Nearly one year after it formally began experimenting with a central bank digital currency (CBDC), the Hong Kong Monetary Authority (HKMA) announced the successful completion of the first stage of pilots.
The banking regulator, in a 38-page report, described the first phase as a remarkable success in its attempt at rolling out an e-HKD. During the first stage, the HKMA narrowed its focus on full-fledged payments, offline payments, settlement of Web3 transactions, tokenized assets, and programmable payments, leaning on a mix of commercial banks and technology firms.
Going forward, the HKMA says the second stage will focus on areas demonstrating the most promise for the Hong Kong payment system before casting a wider net for new use cases. The central bank disclosed in its report that it will probe deeper into the CBDC functionalities of programmability, tokenization, and atomic settlements.
“The next phase of the e-HKD pilot program will build on the success of Phase 1 and consider exploring new use cases for an e-HKD, “ read the report.
The report notes the HKMA will proceed with distributed ledger technology (DLT) as its base layer, citing scalability and interoperability features. In terms of the technical design of the CBDC system, the central bank is leaning on a three-rail approach, with the first being “foundational layer development.”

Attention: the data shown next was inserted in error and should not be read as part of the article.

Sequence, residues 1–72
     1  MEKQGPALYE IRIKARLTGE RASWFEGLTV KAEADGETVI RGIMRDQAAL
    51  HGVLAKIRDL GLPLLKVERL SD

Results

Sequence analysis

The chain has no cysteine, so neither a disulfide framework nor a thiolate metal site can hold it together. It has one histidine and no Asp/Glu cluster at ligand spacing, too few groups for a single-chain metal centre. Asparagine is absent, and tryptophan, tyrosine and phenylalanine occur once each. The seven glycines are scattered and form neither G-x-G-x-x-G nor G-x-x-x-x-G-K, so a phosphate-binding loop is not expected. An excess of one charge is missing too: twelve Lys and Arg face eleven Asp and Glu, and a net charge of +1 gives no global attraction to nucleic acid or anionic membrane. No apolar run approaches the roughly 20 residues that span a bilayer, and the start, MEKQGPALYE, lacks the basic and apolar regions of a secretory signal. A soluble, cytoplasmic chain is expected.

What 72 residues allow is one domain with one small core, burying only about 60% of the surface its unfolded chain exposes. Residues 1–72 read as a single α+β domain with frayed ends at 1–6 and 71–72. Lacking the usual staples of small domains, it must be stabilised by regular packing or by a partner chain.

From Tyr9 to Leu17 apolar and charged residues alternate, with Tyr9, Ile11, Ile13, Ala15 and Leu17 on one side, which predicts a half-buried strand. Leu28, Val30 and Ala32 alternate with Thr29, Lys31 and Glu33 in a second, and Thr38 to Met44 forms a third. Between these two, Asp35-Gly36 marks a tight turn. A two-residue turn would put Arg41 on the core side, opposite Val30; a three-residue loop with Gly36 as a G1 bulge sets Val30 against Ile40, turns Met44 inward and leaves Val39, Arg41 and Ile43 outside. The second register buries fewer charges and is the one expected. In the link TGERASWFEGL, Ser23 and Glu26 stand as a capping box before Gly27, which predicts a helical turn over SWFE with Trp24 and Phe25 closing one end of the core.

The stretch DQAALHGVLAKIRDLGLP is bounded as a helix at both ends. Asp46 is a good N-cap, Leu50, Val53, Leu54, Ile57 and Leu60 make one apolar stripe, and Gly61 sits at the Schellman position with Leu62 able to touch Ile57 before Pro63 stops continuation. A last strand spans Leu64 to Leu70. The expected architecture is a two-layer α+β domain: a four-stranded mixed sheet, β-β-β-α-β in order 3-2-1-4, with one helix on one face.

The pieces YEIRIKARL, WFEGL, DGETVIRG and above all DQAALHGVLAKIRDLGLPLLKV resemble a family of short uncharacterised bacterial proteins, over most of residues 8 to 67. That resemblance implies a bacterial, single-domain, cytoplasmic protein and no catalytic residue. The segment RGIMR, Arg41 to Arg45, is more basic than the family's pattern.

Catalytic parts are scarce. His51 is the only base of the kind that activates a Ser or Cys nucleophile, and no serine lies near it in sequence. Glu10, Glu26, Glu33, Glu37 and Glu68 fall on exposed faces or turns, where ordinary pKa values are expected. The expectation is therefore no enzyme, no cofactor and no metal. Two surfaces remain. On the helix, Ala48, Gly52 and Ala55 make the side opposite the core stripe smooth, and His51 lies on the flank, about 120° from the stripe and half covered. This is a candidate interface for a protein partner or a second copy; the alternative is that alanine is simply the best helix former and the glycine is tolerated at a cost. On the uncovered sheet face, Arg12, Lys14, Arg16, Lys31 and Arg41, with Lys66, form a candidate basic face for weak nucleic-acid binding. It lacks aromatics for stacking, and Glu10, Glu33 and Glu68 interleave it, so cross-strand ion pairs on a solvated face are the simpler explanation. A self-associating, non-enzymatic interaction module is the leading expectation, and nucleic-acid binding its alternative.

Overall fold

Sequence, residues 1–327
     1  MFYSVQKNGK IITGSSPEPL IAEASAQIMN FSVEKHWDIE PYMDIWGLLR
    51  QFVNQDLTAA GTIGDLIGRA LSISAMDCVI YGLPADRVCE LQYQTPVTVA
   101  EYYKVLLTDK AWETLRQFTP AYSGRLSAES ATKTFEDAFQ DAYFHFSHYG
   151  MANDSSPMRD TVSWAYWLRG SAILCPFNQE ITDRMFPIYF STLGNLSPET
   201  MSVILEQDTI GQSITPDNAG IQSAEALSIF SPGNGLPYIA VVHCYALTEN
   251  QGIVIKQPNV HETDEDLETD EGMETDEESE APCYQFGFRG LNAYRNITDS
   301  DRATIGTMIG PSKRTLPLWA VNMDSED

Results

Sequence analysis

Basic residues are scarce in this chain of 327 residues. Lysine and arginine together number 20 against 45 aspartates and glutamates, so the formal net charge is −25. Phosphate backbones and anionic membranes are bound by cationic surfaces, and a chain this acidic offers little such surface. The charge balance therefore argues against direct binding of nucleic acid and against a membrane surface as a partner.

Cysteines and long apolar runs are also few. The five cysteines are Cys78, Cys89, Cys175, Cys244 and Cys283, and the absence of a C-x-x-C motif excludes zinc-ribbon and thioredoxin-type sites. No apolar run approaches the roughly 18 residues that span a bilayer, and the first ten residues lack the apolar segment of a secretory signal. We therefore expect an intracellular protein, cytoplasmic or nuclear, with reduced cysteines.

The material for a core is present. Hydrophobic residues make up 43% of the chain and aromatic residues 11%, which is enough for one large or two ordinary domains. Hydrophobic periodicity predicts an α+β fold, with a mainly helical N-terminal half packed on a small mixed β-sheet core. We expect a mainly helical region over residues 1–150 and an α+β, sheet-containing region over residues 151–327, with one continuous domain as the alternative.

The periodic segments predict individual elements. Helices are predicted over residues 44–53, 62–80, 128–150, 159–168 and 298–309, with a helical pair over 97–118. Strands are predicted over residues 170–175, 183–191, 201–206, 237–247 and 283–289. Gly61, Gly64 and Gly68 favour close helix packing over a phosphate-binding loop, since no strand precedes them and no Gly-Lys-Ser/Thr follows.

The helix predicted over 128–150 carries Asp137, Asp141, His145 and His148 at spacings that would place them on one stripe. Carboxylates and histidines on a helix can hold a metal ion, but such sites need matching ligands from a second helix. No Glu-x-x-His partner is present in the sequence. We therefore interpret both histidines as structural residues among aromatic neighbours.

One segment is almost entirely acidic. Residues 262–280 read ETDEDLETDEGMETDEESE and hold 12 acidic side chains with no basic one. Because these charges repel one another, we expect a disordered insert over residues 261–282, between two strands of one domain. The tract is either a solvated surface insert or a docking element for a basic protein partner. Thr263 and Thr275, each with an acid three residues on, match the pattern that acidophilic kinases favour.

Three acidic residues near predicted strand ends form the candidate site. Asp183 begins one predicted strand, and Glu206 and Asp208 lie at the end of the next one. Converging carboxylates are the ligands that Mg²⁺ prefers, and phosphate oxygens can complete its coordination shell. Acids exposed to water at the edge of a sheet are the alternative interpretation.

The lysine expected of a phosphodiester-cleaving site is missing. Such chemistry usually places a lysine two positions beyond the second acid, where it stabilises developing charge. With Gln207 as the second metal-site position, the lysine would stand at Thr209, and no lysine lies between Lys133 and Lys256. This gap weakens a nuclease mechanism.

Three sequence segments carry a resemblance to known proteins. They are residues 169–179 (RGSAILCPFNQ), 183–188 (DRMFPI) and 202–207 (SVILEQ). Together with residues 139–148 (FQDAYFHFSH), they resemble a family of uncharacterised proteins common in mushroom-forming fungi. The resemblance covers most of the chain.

The second rail will involve “industry pilots and iterative enhancements” to test CBDC use cases in real-world scenarios ahead of a proposed launch. Currently, the HKMA is still tinkering with the first and second rails, pledging to revisit technical and regulatory standards of the e-HKD system in the second phase of pilots.
The HKMA has yet to make a final decision regarding launching an e-HKD, noting that it will have to satisfy itself that the proposed CBDC can compete with existing payment options in the country.
“Careful consideration should be given to the positioning of an e-HKD, as well as the roles that the HKMA and the industry may take up in implementing and operating an e-HKD,” according to the HKMA. “Other factors such as policy and technical design as well as legal considerations will also need to be studied.”
An eye on cross-border functionality
Although the HKMA’s report did not mention cross-border functionalities for retail CBDCs, the central bank has been making significant plays in the field. Following the successes of the Bank for International Settlements (BIS) mCBDC pilot, HKMA Chair Eddie Yue hinted toward the launch of a minimum viable product (MVP) in 2024.
“We are expecting to welcome more fellow central banks to join this open platform,” said Yue. “And very soon, we will launch what we call a minimum viable product, with the aim of paving the way for the gradual commercialization of mBridge.”
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